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versus Type II Diabetes Mellitus in pregnancy and adverse pregnancy outcome
This intention of this dissertation is to firstly provide an overview of the most recent research into the issue of Type 1 and Type 2 diabetes, with the aim of examining in detail specific aspects and differences between the two types and the impact of diabetes mellitus on pregnancy and pregnancy outcomes. A further focus of this study is the emphasis on Type II diabetes and on the non-physical causative and prognostic factors in pregnancy. Issues such as naturalistic therapies and environmental and hereditary issues will form part of the overall discussion. The study also attempts to provide a balanced and comprehensive view of both types of the disease from various perspectives.
Overview: The essential difference between Type I and Type II diabetes
There are two forms of diabetes mellitus. Type I is insulin dependent while Type II is non-insulin-dependent. In Type II sufficient insulin is formed in the pancreas, but the body has difficulty in processing and using the insulin. Type II is more common and is often found in older adults. This type of diabetes will form one of the central points of focus in this study due to the problematics and research controversy in certain areas that it has engendered and its prevalence in pregnant women. For example, research has found that "some women develop diabetes during pregnancy. Although this type of diabetes goes away after pregnancy, women who have had it may develop Type II diabetes later in life." (Diabetes: What You Need to Know)
This relationship between the onset of diabetes during pregnancy and the possible connection to the later development of Type II diabetes will form a central locus of this dissertation. It should however be pointed out that this will not be the exclusive focus of the study, as the dissertation will of necessity also cover a wide range of research in order to approach the central problematics of Type II diabetes.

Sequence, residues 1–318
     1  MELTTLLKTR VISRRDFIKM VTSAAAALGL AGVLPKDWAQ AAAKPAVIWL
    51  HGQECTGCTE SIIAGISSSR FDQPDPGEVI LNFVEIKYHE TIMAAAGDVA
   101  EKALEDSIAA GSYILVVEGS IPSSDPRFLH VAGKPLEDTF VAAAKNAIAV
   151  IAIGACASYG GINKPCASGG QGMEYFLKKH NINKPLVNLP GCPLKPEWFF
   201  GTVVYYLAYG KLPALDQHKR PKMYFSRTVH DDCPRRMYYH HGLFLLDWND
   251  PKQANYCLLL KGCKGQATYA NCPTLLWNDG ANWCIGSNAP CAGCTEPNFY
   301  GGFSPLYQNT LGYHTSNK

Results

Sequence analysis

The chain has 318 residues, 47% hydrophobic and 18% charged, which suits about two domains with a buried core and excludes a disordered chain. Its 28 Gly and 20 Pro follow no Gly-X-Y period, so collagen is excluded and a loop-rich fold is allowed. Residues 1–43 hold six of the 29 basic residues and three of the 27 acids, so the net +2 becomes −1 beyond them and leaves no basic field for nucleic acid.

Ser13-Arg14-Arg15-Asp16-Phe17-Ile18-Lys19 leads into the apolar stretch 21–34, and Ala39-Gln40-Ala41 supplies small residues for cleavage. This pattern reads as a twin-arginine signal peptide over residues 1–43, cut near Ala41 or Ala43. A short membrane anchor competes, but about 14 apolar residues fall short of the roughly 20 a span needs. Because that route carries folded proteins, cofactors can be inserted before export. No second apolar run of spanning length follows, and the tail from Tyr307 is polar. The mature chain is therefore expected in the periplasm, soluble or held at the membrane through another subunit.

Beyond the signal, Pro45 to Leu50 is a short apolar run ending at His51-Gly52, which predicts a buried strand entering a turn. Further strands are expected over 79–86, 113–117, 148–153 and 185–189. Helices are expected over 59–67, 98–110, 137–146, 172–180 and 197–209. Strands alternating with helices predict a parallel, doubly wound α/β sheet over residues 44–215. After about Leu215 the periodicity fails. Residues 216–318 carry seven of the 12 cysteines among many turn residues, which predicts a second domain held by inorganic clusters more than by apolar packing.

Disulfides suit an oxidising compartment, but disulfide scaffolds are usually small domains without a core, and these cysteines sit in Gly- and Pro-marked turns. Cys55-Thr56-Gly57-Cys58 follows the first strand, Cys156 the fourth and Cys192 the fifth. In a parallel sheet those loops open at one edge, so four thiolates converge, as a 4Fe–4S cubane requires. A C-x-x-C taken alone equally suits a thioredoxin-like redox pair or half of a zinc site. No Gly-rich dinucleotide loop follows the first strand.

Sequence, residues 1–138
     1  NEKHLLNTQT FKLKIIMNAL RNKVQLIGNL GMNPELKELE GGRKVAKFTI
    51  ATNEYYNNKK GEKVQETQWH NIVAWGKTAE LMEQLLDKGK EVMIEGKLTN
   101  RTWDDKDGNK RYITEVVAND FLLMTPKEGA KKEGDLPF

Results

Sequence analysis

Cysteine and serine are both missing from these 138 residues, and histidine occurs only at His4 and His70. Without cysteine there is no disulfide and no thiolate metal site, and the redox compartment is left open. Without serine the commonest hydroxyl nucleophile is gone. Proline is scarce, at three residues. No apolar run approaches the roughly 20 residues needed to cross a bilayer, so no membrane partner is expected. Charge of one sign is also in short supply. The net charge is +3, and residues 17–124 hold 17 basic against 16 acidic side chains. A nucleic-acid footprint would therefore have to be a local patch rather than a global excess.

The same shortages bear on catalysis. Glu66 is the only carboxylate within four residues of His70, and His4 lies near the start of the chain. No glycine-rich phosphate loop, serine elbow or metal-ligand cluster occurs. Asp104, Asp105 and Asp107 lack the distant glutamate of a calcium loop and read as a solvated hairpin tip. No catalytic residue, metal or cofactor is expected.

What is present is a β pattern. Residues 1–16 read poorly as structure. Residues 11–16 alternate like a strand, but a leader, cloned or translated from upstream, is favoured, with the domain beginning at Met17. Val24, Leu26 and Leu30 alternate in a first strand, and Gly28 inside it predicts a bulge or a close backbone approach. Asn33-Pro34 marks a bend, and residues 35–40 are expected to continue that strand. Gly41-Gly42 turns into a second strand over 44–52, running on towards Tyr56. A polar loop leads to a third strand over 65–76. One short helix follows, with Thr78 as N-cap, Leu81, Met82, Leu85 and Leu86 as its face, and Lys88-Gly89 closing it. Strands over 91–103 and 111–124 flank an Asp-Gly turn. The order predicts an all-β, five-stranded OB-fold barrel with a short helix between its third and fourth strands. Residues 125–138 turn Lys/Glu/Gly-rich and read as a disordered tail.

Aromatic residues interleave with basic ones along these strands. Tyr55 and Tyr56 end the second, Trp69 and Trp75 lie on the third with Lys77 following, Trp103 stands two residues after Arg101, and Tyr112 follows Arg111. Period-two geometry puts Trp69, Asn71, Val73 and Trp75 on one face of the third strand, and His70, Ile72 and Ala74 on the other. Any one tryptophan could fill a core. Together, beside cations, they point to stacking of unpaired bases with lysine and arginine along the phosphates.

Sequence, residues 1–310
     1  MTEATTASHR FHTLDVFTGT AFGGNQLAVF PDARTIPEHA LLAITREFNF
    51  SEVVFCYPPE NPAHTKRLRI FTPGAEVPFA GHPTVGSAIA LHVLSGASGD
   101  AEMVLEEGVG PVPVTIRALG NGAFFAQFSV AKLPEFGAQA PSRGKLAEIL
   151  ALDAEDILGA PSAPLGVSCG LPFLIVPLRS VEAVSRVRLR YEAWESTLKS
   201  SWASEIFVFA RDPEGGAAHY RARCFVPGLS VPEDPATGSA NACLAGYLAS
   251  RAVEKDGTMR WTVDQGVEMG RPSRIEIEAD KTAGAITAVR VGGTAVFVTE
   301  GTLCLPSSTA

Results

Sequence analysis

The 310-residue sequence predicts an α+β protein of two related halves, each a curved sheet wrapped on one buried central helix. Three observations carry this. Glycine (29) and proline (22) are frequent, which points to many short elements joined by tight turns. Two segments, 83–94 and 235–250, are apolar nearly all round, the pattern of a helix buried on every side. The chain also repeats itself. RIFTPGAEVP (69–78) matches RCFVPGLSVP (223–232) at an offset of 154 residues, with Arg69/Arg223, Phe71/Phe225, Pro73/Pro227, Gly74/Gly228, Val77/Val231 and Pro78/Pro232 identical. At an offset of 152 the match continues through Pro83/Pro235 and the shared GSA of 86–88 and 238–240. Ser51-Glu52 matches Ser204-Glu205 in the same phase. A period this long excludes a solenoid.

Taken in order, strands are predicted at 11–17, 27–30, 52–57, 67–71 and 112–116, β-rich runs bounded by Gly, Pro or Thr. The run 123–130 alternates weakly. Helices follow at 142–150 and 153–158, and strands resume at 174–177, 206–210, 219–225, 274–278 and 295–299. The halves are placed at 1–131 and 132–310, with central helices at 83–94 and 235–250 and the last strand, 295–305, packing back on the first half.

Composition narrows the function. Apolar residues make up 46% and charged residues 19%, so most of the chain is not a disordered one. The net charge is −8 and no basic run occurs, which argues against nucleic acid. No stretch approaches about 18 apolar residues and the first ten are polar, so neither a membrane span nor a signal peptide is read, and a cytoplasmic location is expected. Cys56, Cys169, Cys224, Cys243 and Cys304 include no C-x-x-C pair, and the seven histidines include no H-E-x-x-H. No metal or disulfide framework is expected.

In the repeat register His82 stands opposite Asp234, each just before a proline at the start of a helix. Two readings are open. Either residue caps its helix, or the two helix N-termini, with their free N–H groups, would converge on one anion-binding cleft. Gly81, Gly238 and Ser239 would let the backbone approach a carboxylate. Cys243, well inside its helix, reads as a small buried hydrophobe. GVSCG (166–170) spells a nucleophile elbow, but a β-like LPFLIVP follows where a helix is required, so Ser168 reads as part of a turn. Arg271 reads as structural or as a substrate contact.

In general diabetes can create a wide range of health problems for both mother and child. These include damage to eyes, blood vessels, nerves and kidneys through high sugar levels. This can also result in increasing the risk of heart attack and stroke. Short-term effects can include episodes of hypoglycemia, hyperglycemia and ketoacidosis. Research also indicates that women are particularly susceptible to developing diabetes. "Approximately 8.1 million or 8.2% of all women in the United States have diabetes; however, about a third of these do not know it. Women with diabetes have an increased risk of vaginal infections and complications during pregnancy. (Women Face an Added Risk of Developing Diabetes.) This is further bolstered by research that strongly relates diabetes during pregnancy to the onset of both Type I and Type II. " ... diabetes discovered during pregnancy accounts for 88% of cases, preexisting Type II Diabetes for 8%, and preexisting Type I Diabetes for 4% "(D. Rouiller, 2003). This results in various complications for the pregnancy, including the fact that mothers who are affected by hyperglycemia are at risk for intrauterine death or neonatal mortality. (ibid) There are also further effects and outcomes in that "offspring of patients with gestational diabetes are at significant risk for fetal macrosomia and other neonatal morbidities, including hypoglycemia, hypocalcemia, polycythemia, and hyperbilirubinemia. (ibid)
2. Research possibilities and focus
There is a vast array of research material on the differences between the two types of diabetes and there are many controversial areas surrounding the differences in diagnosis and treatment of the types of diabetes in pregnant women. In the first instance this study will present and overview of the present state of research in order to establish a foundation from which to assess and analyze the central issue -- which is the essential difference between Types I and Type II Diabetes Mellitus. Secondly, the dissertation will focus on Type II in that it provides areas for research into "alternative" or more flexible treatment and new possibilities. This aspect will be established on the grounds of a rigorous overview and assessment of the literature to date. The following are some of the central areas that will form the kernel of the research trajectory in this dissertation.
2.1. Research Overview of the difference between types I and II